Colombia’s Institute of Forensic Medicine has embarked on a massive project to identify the remains of children from mass graves, hoping to find answers for some of the families of the more than 17,000 children who have gone missing in Colombia.
Most of the victims were child soldiers, taken by armed groups. Their families didn’t see them again until they appeared years later in mass graves or unmarked graves in cemeteries.
In one case, a girl was conscripted by the far-right United Self-Defense Forces of Colombia (AUC) paramilitary group and executed with a shot to the head in 2003 by members of the same group, according to testimony from a demobilized fighter. She was dismembered to hide the evidence
Her remains, partially decomposed after eight years in a grave, are now being compared with her paternal grandmother’s DNA.
But identifying through DNA is difficult because acidic soil and a hot and humid climate speed up the deterioration of the bones. Children also have a lower concentration of the minerals that protect bones than adults, which leaves them more vulnerable to decomposition.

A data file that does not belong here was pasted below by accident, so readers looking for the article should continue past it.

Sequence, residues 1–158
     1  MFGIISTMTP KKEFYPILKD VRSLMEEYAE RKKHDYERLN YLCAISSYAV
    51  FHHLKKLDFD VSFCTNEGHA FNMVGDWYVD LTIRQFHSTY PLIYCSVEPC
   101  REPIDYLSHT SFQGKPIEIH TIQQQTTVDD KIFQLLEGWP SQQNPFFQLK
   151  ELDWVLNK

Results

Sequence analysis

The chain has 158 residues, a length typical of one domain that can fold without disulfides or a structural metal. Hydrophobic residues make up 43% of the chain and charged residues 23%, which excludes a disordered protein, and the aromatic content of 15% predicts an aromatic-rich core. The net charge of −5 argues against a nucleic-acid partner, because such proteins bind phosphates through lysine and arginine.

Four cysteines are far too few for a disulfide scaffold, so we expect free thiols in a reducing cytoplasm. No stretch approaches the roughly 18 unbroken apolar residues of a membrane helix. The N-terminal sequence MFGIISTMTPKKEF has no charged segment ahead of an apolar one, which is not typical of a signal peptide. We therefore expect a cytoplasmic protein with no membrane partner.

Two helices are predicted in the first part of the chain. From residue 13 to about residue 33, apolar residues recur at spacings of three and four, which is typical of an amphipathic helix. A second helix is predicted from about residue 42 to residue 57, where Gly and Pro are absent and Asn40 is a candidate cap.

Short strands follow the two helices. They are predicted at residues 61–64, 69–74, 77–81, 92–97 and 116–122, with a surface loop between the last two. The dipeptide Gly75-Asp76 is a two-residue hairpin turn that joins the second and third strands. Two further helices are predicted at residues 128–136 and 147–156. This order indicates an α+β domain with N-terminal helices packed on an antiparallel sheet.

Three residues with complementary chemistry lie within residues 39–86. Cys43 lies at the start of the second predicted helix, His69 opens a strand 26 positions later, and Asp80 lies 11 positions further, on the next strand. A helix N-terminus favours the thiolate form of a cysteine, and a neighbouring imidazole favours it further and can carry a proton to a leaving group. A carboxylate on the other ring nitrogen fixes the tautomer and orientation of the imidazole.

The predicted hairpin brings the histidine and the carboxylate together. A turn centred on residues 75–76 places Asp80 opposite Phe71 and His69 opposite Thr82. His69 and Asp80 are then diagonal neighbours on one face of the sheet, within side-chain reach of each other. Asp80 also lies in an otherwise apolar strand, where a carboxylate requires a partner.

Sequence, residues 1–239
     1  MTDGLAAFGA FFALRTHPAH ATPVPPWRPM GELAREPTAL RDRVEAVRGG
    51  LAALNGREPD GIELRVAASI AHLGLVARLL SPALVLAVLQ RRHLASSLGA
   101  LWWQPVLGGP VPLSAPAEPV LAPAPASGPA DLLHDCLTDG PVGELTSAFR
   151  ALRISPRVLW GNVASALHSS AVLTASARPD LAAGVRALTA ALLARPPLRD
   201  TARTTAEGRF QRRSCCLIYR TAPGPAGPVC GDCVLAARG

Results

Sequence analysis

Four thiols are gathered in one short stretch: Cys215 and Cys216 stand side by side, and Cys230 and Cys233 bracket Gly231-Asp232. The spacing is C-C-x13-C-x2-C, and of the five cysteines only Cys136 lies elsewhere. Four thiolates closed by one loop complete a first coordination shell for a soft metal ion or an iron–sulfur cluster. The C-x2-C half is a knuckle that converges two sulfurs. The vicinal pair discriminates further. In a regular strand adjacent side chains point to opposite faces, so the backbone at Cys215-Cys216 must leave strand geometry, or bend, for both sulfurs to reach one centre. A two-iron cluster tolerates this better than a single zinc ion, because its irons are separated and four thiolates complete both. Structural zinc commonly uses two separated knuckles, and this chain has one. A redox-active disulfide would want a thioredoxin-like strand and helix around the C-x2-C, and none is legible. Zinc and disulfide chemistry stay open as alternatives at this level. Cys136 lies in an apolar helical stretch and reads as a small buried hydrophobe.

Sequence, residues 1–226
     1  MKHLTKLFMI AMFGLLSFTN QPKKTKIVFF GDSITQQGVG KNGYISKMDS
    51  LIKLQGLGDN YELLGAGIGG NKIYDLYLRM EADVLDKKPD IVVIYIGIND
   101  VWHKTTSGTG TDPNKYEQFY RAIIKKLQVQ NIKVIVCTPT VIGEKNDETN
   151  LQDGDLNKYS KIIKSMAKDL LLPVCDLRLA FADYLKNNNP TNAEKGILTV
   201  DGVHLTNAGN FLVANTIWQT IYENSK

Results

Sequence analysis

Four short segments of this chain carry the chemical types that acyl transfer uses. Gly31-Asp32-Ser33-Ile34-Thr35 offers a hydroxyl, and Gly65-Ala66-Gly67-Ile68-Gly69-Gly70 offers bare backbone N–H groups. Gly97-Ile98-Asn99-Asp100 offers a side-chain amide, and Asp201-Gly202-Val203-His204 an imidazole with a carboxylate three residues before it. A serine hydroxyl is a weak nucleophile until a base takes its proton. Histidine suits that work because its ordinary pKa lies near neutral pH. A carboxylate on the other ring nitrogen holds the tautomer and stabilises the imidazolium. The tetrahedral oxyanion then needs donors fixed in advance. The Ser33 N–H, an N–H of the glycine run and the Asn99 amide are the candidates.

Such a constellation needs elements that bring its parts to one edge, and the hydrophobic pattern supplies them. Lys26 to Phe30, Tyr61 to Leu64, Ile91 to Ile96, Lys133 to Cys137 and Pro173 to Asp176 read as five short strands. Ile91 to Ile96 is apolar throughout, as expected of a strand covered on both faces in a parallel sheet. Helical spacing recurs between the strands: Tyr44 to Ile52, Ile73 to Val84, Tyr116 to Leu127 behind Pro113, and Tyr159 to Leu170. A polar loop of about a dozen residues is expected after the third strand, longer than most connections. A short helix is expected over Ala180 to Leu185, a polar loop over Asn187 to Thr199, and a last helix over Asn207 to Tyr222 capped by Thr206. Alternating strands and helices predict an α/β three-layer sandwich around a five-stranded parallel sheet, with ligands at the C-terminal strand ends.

Further, there is no national database of genetic information. In the coming months, the government will approve the existence of a gene bank. The chances of identifying the lost children are greater if DNA samples from a parent, rather than a sibling, are available.
Former AUC members have informed authorities of 1,025 graves. The Colombian General Prosecutor’s Office said it is investigating the disappearance of 45,154 people who may be buried in mass graves.
One grave, containing the bodies of 17 peasants (alleged FARC members), was discovered in a ranch in the north-west belonging to a paramilitary leader.
An average of twelve bodies are uncovered every week in mass graves across the country, reported Justice for Colombia in July 2013.